William John Bankes

William John Bankes

William John Bankes (11 December 1786 – 15 April 1855), son of Henry Bankes the second was a notable explorer, Egyptologist and adventurer. He was a member of the Bankes family of Dorset and he rebuilt the Kingston Lacy estate as it is today. He travelled extensively to the Orient and Egypt and collected the largest private individual collection of Egyptian artifacts in the world. His work on Egypt although not acknowledged until recently is vastly important. He was good friends with Lord Byron and Sir Charles Barry. He also served as Tory Member of Parliament (MP) for Truro and St Austell in 1810, for Cambridge University from 1822-26 and for Dorset from 1832-35.

Education, adventures and friends

William Bankes became interested with exploration and discovery and had an evident passion for Ancient Egypt and fine art. His massive portfolio of notes, manuscripts and drawings produced and collected during his travels along the Nile with explorations in Egypt, Nubia, and the Near East have significant historical value and is the only historical record of some inscriptions and monuments.

Bankes was an educated and affluent man, though at times somewhat mischievous and boisterous. He was born in 1786 to Frances Woodward and Henry Bankes, MP of Kingston Lacy and Corfe Castle in Dorset. He was the second of five children and the eldest surviving son of the couple. Bankes was educated at Westminster School and continued his studies at Trinity College, Cambridge where he received his BA in 1808 and his MA in 1811. Bankes inherited Stoughton Hall, Flintshire from his great uncle, and in 1835 inherited his family’s home, Kingston Lacy Estate. The mansion was home to Bankes for many years and became the centre of his vast collections of art and artefacts.

Lord Byron, a fellow student at Trinity College and a renowned romantic poet, was Bankes’ lifelong friend. Bankes sometimes accompanied Byron in his European tours.

Sir Charles Barry, a renowned architect in his day, was also a long-term friend of Bankes. The two men met at the temple of Rameses in Abu Simbel in 1819. Bankes had great respect for Barry’s talents and Barry accomplished much of the building work on the Bankes’ family properties over the years. Barry is well known for his architectural talents which were applied to the Houses of Parliament, St. Peter’s Church in Brighton, the Victoria Tower and the Westminster Bridge. His work was inspired by Italian Renaissance type architecture and indeed contributed to the improved design of Bankes home, Kingston Lacy.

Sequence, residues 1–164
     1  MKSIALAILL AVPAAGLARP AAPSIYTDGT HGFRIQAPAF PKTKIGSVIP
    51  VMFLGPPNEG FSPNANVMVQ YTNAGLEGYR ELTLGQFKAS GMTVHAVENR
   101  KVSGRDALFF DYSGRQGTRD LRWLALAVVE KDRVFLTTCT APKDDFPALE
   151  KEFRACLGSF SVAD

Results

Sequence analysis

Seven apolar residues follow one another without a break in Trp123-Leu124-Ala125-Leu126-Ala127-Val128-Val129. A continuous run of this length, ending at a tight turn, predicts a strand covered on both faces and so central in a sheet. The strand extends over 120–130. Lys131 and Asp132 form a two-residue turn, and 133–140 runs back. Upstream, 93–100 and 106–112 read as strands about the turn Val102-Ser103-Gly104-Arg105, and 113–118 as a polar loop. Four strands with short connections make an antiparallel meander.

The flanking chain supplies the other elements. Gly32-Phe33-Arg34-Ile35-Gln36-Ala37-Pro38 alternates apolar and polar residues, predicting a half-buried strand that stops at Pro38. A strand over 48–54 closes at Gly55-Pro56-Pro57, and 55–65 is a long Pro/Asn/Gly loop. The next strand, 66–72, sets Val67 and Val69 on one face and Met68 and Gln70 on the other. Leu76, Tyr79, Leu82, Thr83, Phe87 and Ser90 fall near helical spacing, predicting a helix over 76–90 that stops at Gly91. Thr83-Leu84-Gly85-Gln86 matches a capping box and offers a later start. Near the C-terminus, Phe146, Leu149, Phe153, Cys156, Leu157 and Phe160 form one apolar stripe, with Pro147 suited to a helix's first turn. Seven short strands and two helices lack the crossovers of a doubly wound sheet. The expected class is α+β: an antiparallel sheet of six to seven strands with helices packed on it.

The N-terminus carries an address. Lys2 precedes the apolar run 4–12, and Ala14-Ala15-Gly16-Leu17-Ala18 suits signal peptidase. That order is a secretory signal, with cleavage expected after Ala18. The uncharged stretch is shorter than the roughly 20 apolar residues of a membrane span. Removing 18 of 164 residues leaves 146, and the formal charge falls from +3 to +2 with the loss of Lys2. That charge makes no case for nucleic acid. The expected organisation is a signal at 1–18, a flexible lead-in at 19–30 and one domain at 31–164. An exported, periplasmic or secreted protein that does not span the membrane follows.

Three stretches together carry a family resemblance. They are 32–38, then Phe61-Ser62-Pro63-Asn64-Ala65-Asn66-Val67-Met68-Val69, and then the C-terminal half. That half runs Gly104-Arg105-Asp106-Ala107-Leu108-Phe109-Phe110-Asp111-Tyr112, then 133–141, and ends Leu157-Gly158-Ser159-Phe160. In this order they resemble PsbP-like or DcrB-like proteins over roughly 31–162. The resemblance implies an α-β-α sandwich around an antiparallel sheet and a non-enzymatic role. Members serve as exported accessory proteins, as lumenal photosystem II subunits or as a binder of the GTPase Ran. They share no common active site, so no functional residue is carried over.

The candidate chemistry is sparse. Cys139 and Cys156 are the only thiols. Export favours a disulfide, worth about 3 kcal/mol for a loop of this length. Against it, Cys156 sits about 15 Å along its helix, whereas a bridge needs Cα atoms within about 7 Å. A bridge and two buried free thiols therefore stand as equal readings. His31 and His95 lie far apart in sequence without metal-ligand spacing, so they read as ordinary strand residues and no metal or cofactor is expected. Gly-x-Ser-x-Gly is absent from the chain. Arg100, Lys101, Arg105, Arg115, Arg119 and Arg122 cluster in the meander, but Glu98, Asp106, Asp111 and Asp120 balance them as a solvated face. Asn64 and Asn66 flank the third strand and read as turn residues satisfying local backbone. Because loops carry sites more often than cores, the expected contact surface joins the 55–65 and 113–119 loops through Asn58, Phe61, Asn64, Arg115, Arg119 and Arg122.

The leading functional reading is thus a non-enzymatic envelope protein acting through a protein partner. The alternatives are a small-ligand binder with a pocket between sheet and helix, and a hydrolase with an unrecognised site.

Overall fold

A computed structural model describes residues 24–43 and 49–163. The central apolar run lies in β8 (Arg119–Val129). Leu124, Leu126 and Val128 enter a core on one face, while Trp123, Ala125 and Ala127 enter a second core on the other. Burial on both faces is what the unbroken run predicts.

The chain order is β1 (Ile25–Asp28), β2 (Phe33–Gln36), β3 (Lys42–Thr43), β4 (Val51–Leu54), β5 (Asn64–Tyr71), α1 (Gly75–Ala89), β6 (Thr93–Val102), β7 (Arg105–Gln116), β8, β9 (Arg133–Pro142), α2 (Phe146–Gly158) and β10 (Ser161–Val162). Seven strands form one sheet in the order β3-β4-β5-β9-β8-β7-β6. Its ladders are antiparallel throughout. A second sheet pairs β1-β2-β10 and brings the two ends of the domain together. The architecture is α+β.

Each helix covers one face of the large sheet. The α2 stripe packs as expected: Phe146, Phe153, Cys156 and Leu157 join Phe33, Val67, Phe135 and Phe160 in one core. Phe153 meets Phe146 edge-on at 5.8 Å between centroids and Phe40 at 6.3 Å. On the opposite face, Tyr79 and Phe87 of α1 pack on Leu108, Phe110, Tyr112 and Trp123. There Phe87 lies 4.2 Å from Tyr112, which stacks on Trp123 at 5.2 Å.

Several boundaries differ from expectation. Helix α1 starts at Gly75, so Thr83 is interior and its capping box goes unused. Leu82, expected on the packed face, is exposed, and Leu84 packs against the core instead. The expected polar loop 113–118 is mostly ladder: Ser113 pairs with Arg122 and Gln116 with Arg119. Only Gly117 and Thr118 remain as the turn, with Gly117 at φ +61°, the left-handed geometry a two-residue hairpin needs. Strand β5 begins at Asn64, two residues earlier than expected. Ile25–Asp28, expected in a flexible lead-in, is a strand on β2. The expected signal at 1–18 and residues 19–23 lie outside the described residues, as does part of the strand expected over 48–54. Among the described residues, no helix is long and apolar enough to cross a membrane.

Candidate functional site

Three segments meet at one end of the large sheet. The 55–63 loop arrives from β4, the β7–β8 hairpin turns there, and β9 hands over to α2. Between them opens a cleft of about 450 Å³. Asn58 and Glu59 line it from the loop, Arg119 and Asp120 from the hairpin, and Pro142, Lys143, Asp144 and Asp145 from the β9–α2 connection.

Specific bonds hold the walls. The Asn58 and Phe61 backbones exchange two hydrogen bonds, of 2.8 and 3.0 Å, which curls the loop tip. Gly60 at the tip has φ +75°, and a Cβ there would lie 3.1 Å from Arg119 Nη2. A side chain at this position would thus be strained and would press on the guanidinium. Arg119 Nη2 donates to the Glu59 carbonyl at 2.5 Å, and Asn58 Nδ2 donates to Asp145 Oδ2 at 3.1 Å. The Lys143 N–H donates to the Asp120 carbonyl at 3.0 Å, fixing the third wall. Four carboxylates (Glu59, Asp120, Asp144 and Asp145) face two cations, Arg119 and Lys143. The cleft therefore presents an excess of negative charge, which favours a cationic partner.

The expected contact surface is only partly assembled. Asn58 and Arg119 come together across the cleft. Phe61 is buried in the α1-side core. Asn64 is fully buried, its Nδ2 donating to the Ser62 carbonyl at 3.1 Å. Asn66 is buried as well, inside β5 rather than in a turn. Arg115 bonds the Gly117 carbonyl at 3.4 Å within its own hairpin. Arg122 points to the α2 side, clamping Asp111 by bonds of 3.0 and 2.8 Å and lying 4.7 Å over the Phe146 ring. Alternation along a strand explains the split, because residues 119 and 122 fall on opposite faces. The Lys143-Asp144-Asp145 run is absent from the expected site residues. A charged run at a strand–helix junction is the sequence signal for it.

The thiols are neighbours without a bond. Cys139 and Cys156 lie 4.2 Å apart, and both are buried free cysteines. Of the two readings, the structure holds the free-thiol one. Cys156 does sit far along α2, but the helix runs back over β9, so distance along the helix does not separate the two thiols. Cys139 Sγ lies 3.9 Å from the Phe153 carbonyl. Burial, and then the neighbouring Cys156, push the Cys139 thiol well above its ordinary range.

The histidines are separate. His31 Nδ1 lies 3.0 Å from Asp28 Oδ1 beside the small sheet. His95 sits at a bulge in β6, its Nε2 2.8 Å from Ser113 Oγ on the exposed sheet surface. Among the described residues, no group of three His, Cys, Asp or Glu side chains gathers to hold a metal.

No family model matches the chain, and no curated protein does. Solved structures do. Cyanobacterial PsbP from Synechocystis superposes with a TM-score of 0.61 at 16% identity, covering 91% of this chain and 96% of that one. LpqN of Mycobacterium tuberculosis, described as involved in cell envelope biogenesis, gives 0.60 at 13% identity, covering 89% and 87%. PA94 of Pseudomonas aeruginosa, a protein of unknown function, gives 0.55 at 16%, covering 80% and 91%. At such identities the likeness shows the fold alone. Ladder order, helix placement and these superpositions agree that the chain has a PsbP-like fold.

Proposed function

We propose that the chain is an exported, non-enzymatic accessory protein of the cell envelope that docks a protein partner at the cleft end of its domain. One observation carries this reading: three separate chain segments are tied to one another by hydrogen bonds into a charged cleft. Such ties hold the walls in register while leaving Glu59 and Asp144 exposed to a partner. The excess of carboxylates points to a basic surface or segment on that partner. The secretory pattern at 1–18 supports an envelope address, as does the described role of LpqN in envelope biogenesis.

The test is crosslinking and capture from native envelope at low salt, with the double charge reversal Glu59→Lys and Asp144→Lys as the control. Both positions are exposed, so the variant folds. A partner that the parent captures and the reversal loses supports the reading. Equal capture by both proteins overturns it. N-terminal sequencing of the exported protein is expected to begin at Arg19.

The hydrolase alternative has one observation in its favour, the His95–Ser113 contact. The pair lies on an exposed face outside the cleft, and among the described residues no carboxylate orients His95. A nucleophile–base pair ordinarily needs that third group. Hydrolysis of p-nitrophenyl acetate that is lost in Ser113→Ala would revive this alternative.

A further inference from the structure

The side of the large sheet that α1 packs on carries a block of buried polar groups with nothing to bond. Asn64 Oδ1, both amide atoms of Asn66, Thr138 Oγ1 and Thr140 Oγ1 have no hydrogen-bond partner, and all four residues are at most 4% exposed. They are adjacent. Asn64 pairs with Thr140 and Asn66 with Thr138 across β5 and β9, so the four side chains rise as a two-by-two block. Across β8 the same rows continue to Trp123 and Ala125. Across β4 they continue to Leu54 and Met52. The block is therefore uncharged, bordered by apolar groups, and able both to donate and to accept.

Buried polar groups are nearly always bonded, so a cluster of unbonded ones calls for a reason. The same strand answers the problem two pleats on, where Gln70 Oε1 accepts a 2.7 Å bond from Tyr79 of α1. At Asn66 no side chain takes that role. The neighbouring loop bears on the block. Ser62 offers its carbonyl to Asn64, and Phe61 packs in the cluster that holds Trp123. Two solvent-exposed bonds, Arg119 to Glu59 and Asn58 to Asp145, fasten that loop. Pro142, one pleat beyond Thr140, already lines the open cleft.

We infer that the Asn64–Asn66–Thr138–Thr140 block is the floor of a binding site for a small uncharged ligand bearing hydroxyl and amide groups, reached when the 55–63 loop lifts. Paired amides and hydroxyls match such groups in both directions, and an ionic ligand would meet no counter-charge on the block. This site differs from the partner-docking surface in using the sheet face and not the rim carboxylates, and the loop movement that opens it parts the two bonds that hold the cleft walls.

While traveling in Spain and Portugal during the Peninsular War, Bankes befriended the Duke of Wellington. The Duke later came to Bankes’ rescue when he was on trial for his imprudent lifestyle. The Duke of Wellington also celebrated Bankes’ successes; in fact, he performed the ceremony at Kingston Lacy when the foundation was laid for one of Bankes’ most notable discoveries, the obelisk from Philae. The obelisk is now viewable in the National Trust grounds of Kingston Lacy.

Bankes was an adventurous man with many talents. He was an amateur architect, a careful epigrapher and he mastered the art of copying ancient inscriptions. He was very interested in Egypt and in deciphering ancient Egyptian hieroglyphs. Bankes dabbled in architecture and with the assistance of his friend Charles Barry, transformed Kingston Lacy removing brick and replacing it with marble. He collected numerous pieces of Spanish art as well as artifacts from Ancient Egypt which are still housed at the estate.

candal

Bankes was eventually exiled from his home in England due to homosexual indiscretions which led him to flee seeking refuge after being caught in compromising circumstances with a guard in Green Park in London. In that day and age, sodomy was considered a grave crime in England and carried with it the death penalty. Even though he was unable to return to Kingston Lacy, he continued to collect from abroad sending his collections to be displayed in his beloved home. It is believed that he secretly visited Kingston Lacy to admire his home and collections before his death.

References

* R.J. Demarée with contributions by B. Leach and P.Usick. "The Bankes Late Ramesside Papyri" 2006. London: British Museum Press.
* Patricia Usick. "The Adventures in Egypt and Nubia: The Travels of William John Bankes (1786 - 1855)." 2002. London: British Museum Press.
* Anne Sebba. "The Exiled Collector: William Bankes and the Making of an English Country House" (2004) ISBN 0719565715
* Anthony Mitchell. "Kingston Lacy (National Trust Guidebooks)" (1994) ISBN 978-1-8435-9042-2


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